This is a broad overview of a few things you may want to include. Adjust the online onboarding and training steps you choose to implement based on your current process and your company’s digital assets and capabilities.
The benefits of online onboarding and training for new employees
If you haven’t previously used a virtual process to onboard and train new hires, you may be wondering if you should go back to the “old” way of doing things once the pandemic has passed. On the contrary, you might find that the benefits of online training far outweigh the drawbacks, and decide to keep the process, even if things do eventually go back to “normal.”
Here are a few reasons for doing so:
- Once you have your online onboarding and new employee training system in place, it becomes a simple, repeatable process consistent across all new hires — no more meetings with multiple team members, each of whom may have conflicting ideas about what’s most important, and no more shoving “Our Company Mission” brochures into the hands of new hires, who end up throwing them into the trash can.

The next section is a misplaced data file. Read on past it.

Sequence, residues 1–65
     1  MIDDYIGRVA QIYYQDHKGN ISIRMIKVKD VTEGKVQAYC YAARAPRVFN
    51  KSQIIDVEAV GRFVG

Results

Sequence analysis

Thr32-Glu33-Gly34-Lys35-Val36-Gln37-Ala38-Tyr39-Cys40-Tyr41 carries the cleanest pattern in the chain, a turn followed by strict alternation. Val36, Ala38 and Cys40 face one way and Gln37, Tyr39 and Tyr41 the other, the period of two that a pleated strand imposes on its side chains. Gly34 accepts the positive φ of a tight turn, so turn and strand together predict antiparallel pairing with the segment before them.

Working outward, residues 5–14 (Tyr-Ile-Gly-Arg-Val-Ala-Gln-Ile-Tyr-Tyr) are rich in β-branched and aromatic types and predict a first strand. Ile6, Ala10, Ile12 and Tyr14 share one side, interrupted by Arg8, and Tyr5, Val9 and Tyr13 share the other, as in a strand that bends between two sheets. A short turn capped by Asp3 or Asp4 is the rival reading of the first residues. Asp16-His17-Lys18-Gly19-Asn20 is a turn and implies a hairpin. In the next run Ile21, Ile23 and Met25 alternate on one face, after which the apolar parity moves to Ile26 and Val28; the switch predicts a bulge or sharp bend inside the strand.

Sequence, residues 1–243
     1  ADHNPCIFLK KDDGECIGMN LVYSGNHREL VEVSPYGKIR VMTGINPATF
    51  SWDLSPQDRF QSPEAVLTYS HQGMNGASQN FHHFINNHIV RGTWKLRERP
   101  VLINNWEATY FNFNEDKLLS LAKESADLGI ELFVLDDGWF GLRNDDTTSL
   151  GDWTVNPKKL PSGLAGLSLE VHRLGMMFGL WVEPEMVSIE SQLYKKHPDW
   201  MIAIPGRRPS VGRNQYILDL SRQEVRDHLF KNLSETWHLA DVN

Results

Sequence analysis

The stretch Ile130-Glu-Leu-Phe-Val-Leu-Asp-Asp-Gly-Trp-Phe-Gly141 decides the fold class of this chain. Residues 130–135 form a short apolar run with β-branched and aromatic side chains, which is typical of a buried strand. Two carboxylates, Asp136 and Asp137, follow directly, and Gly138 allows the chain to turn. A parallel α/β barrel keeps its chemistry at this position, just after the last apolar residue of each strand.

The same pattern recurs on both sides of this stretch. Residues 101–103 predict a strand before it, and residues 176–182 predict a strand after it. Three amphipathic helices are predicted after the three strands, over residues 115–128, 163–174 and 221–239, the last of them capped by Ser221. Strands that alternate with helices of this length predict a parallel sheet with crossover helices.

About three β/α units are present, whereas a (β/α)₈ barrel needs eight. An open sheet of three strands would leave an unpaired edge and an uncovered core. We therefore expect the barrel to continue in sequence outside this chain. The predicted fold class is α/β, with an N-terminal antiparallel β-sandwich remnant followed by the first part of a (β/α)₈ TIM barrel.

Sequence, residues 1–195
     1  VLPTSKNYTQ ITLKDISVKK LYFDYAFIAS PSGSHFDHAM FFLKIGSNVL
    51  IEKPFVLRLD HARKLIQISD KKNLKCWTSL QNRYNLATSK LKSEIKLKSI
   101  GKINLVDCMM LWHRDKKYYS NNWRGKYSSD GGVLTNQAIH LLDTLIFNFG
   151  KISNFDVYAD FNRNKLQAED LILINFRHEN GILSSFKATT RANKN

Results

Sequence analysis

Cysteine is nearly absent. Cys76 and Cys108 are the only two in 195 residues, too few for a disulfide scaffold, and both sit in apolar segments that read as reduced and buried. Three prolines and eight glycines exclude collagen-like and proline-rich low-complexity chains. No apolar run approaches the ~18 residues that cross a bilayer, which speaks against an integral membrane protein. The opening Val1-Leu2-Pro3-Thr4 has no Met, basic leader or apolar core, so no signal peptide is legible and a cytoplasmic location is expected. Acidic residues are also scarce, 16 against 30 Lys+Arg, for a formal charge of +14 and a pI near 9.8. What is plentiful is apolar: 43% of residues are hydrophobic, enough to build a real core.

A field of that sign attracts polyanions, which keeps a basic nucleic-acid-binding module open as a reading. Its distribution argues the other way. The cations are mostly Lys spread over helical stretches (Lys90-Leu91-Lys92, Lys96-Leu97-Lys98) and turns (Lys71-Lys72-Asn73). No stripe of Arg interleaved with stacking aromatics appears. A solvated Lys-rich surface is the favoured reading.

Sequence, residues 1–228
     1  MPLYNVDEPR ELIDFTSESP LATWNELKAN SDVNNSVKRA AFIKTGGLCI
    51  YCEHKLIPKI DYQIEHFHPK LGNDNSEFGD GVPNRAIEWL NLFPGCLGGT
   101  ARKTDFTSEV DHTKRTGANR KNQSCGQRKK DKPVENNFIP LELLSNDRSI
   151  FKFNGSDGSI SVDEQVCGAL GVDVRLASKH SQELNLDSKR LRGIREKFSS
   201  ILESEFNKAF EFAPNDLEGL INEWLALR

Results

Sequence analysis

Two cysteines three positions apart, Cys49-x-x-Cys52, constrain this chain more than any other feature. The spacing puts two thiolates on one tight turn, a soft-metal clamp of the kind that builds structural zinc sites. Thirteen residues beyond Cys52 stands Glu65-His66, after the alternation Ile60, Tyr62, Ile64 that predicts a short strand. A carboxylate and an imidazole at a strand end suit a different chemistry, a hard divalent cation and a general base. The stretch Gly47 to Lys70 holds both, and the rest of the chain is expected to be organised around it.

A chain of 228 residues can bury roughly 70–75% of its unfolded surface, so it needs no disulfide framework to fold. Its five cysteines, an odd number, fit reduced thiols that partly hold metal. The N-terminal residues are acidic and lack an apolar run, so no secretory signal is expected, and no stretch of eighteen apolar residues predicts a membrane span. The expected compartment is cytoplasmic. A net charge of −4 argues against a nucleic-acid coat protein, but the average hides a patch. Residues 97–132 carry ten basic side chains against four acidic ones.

- Creating standardized online onboarding and training can be a huge money-saver. There’s no need to set up complicated orientations that require instructors and classes, or require current employees to step away from the important projects they’re working on every time a new hire needs to be trained. You’ll also save on printing and materials costs.
- Onboarding and new hire training can take place any time that’s convenient, based on your needs and your new employee’s schedule, which means fewer business disruptions and less downtime.
- Online training offers perks that face-to-face training can’t replicate — for example, gamification and other interactive content increases employee engagement and retention of important information.
- Online onboarding and training are less stressful for new employees. New hires can learn at their own pace; if they don’t understand something, they’re free to repeat that part of the training, rather than feeling self-conscious about asking questions in a crowded orientation or training session.